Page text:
The Resonance Ionization Laser Ion Source (RILIS) is the most extensively used ion-source at the CERN-ISOLDE on-line radioactive ion beam facility. It provides not only high efficiencies but also offers element and, in some cases even isomer selective ionization. The ionization method itself, based on stepwise resonance excitation and ionization of atoms using tunable lasers, offers the opportunity of performing so-called in-source spectroscopy studies of radioactive isotopes, to reveal nuclear ground-state properties such as charge radii or moments via measurements of isotopic shifts and hyperfine structure of atomic transitions .
Doppler broadening of the atomic lines in the high temperature ion source environment limits the achievable resolution of this method. Consequently, its application has been focused on the heavier elements. Furthermore, the feasibility of nuclear isomer selective ionization is restricted to the few cases for which the differences in the hyperfine structure splitting for different nuclear states are resolvable. Nevertheless, the sensitivity of in-source spectroscopy remains unrivaled and therefore a means of eradicating the Doppler-dominated resolution limitation whilst maintaining the sensitivity is a highly desirable goal. By introducing a mirrored surface at the rear of the ion source, and reflecting the incident laser beams back upon themselves, Doppler-free 2-photon excitation and subsequent ionization of the atom becomes feasible. Different methods and materials for achieving this laser beam reflection inside the ISOLDE target/ion source assembly are under investigation. For effective use of the 2-photon excitation, the laser line width has to be reduced as much as possible. For the pulsed RILIS lasers the line width of $<100$ MHz could be reached as defined by the Fourier transformation. A bow-tie, seeded and injection locked titanium:sapphire (Ti:Sa) laser is being developed for covering the red-near IR range, whilst a seeded dye amplification stage will be used for covering the yellow – red spectral range.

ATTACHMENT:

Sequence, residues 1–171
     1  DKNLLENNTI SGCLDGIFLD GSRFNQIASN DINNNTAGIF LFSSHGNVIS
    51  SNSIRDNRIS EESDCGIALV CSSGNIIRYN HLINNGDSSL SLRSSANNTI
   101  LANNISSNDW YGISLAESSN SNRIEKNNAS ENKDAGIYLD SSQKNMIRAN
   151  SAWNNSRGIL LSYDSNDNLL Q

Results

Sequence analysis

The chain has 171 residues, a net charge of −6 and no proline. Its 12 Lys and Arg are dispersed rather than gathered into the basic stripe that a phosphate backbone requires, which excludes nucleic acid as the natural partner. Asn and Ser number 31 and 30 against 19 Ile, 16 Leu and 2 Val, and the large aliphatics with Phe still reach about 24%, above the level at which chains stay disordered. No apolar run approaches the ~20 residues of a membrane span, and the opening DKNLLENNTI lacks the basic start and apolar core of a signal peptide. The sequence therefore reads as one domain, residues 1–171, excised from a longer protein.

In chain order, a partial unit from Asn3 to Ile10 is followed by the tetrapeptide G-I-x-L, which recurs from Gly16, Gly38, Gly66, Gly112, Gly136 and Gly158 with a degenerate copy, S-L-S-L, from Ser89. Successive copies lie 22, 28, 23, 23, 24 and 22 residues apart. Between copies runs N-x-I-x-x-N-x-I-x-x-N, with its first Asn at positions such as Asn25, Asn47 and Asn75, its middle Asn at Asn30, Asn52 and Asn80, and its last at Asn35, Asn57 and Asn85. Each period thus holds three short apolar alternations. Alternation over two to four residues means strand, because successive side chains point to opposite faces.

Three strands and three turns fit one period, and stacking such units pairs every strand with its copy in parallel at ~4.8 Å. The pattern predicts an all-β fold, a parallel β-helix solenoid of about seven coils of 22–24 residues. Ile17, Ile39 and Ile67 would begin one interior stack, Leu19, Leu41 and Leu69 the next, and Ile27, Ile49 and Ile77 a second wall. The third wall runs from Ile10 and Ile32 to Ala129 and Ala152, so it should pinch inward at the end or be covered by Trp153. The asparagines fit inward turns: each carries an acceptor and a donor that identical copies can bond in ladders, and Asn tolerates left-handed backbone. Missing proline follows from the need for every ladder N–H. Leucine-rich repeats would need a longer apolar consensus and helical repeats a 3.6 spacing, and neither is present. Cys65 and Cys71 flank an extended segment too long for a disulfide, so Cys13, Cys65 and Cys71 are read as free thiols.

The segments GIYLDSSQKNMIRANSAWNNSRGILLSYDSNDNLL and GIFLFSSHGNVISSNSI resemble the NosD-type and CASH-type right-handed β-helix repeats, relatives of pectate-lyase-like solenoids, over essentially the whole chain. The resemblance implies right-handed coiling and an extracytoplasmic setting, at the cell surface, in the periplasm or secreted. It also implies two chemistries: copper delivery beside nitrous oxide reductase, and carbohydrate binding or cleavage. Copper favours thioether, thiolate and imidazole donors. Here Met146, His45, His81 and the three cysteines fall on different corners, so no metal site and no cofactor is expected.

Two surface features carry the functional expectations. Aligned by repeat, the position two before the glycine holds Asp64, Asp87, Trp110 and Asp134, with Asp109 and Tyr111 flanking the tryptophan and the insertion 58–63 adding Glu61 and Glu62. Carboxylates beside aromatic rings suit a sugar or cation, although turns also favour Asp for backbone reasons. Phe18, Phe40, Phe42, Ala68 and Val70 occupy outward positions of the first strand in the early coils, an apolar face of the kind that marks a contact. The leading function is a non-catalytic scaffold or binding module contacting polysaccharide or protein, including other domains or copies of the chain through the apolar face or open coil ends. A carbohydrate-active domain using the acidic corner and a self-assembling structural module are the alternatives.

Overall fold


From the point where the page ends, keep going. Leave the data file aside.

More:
Here we summarize these ISOLDE-based developments and also present the results of the first successful demonstration of Doppler-free in-source resonance ionization spectroscopy, conducted at the RISIKO mass separator at Mainz University.
 B. Marsh et. al., NIM B 317 B, 550-556 (2013)